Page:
BNZ's Tony Alexander argues building 422,000 houses in Auckland over 25 years requires a volume of building that previously took 161 years to achieve

The plan set out in Auckland’s proposed Unitary Plan to build 422,000 houses will require a rate of building over 25 years that it previously took 161 years to achieve in the City of Sails, BNZ chief economist Tony Alexander says.

In his Weekly Overview report Alexander notes the Unitary Plan’s aim for 422,000 extra houses to be built over the next 25 years requires an annual construction rate 2.5 times higher than the average achieved over the past 25 years. Canterbury achieved 1.5 times post-earthquake.  

“Look at this another way. As at the 2013 census there were 509,000 dwellings in Auckland. In 2001 there were about 420,000. The plan is another 422,000 in the next 25 years, in other words doing in 25 years what it took 161 years to do following the designation of Auckland as the country’s capital by the first Governor William Hobson in 1840,” Alexander says.

“That target looks highly unachievable unless we invite a few of the tens of thousands now unemployed migrant construction workers in Middle Eastern countries to help out, for more than the US$324 a month they earn in the likes of Saudi Arabia. That is not going to happen. Expect more efforts next year from the Reserve Bank to ration mortgage lending to those with the biggest deposits and the highest incomes.”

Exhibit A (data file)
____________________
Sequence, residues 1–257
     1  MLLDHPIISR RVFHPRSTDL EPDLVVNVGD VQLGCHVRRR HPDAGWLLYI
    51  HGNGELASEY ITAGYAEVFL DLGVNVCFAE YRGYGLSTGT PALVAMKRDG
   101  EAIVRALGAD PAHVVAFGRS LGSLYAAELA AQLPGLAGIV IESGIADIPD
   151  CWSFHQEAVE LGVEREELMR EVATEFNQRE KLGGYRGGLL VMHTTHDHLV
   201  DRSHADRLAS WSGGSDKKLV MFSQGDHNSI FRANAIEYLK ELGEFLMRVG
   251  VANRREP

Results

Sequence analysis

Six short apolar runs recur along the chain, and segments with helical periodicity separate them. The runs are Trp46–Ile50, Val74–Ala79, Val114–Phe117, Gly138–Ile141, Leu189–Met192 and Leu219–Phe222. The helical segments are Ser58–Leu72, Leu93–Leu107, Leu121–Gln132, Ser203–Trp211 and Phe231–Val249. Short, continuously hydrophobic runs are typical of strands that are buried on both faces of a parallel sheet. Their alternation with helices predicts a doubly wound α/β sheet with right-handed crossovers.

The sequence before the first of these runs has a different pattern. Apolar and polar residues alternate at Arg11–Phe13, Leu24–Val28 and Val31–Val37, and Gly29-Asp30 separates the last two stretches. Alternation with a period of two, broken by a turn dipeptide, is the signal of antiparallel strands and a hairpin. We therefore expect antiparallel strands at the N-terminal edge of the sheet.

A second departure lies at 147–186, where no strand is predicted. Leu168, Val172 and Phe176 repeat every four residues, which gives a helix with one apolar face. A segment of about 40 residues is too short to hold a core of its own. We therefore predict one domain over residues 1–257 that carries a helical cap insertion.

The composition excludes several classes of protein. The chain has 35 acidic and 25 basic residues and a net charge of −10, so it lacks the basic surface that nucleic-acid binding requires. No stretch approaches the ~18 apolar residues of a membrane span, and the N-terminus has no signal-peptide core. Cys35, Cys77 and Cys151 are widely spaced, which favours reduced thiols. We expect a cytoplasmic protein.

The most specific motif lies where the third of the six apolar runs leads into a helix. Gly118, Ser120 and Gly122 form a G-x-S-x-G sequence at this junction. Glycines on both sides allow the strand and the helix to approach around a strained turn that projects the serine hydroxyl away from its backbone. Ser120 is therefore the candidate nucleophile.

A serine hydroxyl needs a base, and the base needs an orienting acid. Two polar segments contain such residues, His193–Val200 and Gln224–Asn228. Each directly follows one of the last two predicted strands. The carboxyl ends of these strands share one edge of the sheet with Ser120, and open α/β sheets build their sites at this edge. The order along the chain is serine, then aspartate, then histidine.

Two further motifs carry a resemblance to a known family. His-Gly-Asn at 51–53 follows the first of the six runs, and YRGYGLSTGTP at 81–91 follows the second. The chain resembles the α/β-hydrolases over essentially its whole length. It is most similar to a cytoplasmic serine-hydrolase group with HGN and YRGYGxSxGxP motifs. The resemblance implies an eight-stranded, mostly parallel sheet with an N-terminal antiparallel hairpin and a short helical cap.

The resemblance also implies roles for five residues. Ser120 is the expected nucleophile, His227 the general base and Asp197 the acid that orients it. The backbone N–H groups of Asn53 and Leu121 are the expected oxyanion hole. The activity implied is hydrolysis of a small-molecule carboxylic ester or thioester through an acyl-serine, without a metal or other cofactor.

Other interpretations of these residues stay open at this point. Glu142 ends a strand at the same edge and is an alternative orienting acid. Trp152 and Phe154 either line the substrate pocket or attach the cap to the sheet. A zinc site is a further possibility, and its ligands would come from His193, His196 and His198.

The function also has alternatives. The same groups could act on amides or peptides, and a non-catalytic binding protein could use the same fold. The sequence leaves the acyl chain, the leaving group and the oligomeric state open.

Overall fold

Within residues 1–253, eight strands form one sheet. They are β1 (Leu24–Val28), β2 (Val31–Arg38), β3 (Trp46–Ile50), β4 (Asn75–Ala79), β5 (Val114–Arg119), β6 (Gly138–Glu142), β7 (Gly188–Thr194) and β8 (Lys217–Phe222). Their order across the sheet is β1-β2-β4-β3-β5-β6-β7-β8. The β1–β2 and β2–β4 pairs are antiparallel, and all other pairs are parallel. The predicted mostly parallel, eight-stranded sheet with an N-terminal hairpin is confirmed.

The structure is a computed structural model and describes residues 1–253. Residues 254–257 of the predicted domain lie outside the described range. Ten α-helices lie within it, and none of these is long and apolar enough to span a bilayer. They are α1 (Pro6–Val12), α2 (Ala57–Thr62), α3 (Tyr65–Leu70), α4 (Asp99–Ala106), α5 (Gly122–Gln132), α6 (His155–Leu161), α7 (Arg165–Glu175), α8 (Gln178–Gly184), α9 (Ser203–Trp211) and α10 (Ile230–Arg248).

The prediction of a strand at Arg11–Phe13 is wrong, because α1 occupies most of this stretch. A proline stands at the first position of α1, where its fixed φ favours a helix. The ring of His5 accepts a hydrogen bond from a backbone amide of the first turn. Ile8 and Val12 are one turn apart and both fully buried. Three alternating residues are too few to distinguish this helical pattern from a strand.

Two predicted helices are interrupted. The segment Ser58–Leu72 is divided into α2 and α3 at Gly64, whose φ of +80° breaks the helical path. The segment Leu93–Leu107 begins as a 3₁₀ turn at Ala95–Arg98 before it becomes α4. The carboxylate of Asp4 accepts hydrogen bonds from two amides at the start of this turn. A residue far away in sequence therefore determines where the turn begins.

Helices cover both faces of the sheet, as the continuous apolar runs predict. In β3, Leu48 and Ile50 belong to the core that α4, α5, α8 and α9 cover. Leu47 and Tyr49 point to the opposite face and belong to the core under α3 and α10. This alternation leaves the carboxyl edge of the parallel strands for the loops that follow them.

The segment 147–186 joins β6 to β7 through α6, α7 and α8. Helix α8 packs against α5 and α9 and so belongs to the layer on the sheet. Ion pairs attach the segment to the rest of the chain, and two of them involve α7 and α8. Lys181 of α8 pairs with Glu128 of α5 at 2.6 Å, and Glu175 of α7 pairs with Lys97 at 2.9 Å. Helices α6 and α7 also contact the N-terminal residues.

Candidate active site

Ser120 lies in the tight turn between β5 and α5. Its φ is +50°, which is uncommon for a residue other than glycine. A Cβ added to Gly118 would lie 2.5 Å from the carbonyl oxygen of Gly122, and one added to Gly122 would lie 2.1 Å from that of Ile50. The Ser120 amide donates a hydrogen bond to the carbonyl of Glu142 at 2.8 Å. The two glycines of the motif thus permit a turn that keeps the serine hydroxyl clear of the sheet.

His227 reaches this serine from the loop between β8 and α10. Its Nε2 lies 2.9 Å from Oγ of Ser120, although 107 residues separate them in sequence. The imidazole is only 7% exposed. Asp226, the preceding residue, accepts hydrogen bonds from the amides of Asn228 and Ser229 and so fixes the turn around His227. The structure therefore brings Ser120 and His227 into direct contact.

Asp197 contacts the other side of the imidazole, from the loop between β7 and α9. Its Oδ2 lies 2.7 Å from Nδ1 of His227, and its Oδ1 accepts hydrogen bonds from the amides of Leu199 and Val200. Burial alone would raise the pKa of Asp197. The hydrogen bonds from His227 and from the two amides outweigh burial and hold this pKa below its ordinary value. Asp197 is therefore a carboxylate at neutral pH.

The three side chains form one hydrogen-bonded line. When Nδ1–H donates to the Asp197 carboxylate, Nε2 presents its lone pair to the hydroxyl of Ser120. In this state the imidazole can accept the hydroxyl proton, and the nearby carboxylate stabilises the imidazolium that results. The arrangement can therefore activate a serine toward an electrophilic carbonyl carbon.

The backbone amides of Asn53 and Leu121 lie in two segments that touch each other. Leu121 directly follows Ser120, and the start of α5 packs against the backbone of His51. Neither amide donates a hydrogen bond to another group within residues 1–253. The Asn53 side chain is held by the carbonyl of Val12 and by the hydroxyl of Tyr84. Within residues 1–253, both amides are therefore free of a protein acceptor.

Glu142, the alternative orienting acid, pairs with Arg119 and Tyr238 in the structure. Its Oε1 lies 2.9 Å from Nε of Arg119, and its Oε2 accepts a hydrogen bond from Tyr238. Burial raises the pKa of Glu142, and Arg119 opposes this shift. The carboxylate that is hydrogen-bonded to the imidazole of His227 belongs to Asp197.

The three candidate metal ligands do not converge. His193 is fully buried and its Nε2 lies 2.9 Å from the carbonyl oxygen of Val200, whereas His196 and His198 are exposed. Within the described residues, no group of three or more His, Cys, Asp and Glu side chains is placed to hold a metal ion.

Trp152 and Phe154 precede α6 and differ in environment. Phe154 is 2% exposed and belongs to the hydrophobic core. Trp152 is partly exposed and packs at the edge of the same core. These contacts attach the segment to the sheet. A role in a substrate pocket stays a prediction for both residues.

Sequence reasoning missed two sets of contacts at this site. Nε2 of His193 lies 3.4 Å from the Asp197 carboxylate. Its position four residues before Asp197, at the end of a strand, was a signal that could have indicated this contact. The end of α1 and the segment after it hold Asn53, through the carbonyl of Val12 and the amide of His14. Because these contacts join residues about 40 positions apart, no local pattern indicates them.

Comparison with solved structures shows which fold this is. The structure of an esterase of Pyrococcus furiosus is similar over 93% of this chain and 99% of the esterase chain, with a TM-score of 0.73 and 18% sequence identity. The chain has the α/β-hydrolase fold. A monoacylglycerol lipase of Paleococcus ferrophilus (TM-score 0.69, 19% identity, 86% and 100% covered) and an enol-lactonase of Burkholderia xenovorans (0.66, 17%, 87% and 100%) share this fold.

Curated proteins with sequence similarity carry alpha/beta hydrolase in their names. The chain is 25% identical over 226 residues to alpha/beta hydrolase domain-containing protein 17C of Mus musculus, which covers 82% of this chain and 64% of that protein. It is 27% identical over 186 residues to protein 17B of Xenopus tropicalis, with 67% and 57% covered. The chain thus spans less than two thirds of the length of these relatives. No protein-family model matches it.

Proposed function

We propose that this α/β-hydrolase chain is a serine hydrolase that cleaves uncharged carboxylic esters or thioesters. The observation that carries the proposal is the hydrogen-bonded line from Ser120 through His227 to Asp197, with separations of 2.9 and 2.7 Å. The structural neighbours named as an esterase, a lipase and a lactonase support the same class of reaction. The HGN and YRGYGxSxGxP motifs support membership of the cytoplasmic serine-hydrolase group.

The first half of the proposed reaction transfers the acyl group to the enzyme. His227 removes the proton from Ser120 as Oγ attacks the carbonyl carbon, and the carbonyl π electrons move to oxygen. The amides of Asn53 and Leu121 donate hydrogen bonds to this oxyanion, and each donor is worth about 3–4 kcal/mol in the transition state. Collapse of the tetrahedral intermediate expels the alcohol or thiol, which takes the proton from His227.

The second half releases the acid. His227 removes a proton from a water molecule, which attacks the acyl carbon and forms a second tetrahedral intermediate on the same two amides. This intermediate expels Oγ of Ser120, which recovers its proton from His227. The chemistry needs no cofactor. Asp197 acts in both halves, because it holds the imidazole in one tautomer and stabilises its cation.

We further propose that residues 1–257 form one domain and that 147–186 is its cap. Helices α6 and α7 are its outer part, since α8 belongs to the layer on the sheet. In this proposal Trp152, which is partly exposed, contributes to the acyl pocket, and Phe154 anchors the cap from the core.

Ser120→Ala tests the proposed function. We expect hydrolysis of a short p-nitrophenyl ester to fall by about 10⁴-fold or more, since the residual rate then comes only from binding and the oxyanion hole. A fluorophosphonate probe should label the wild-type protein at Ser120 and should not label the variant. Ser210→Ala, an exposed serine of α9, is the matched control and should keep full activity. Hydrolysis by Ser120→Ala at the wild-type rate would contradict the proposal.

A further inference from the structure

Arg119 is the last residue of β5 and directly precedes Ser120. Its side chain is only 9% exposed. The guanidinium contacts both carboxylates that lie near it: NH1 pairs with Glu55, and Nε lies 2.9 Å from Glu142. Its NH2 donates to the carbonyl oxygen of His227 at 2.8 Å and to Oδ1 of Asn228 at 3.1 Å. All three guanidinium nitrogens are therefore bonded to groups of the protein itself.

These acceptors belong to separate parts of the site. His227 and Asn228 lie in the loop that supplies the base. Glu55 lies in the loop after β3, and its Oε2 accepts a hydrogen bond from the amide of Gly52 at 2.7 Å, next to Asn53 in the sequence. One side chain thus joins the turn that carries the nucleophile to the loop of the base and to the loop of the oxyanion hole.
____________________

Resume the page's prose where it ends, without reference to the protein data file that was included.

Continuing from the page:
“Nevertheless, house building is going to get stronger and this is reflected in the most recent ANZ Business Outlook Survey where a net 52.2% of respondents said they expect to see higher levels of residential construction in the coming year. This was near double June’s net 28.6% positive, and above the ten year average of 25%,” Alexander says.